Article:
Essays

Editorial: Is the Iraq War Propelling the Superhero Film Phenomenon?

Based on our cultural history, box office numbers, and the self-evident explosion of superhero films that’s taken place since 2003, it seems clear that The Iraq War is a major factor in one of the largest business trends in recent Hollywood history.
By  · Published on September 11th, 2008

Without stating directly that the Iraq War is the sole cause for a boon in superhero films, based on our American cultural history, box office numbers, and the self-evident explosion of superhero films that took place after the war began, it seems clear that it’s a major factor in one of the largest business trends in recent Hollywood history.

In 1938, a man was sent from a distant planet in order to protect the people of this earth against the waves of evil that were crashing down all around us. His now-legendary red and blue tights sparked a revolution in story-telling that’s only intensified over seventy years. It’s no secret that while Shuster and Siegel’s character impacted popular culture, it’s also been noted that the historical environment – especially those of organized crime and World War II – had a strong impact on Superman as well. It’s no surprise that at a time of economic distress, black market violence and the looming, inevitable war people needed a hero.

Two things seem clear in our current age: 1) With economic distress, a popular culture that instills the fear of crime in us, and two wars with no end in sight, we still need a hero and 2) Thanks to the movie industry, we have plenty.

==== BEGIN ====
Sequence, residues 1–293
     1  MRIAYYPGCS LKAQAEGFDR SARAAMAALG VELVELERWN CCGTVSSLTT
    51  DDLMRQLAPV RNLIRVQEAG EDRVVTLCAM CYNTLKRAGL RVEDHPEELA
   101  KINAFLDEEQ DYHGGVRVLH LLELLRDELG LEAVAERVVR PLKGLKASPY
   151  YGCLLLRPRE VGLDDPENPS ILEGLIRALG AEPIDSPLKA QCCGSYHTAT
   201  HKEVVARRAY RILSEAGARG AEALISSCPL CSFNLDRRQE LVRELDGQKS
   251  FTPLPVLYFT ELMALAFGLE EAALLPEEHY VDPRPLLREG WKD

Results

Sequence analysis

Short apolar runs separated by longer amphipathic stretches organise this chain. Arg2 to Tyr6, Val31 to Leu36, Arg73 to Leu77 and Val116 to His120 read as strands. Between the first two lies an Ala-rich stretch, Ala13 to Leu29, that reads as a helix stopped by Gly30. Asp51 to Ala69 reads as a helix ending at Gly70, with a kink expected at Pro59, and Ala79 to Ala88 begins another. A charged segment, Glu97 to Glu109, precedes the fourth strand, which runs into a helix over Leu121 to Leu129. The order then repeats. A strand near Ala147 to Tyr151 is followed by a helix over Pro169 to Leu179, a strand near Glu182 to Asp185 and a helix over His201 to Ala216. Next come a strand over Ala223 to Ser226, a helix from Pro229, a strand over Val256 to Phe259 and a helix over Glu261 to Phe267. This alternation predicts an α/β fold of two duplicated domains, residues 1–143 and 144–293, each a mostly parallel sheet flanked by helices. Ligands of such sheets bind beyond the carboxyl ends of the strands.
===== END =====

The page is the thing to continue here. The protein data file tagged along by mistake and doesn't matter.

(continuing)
The cultural catalyst of Superman sparked a movement that has become a massive, billion-dollar empire that stretches beyond the box-lined pages of comics. Comic Superheroes launched into films almost immediately with The Adventures of Captain Marvel in 1941 and serials featuring fan favorites like Batman, The Phantom, and the Man of Steel himself. The trend limped along into the 60s with the theatrical Batman adaptation of the television show, and then grew in the 1980s (alongside the comic book re-invigoration) with Tim Burton’s Batman movies, the Superman franchise which spun off a Supergirl movie, and darker characters like Dick Tracy and The Shadow.

However, the true explosion of comic-book superhero movies has only come recently. Beginning with X-Men in 2000, whose success was a strong incentive to other movie studios, we’ve had the pleasure of seeing twenty-one comic book-based, superhero movies with twelve more slated within the next three years. This summer alone saw the release of three major superhero films – one of which quickly broke a fistful of records to become the 2nd highest grossing film of all time. Basically, even if Howard the Duck is considered a comic-based, superhero movie, more superhero movies have been made and released since the start of the Iraq War in early 2003 than in all the years prior combined.

Whether that’s due to the popularity of the medium or the age range of adults who grew up with comic books lending itself to higher ticket sales is difficult to tell. Both factors, as well as many others, have a hand in creating this phenomenon. However, I would argue that our being at war (two of them currently) is one of those major factors.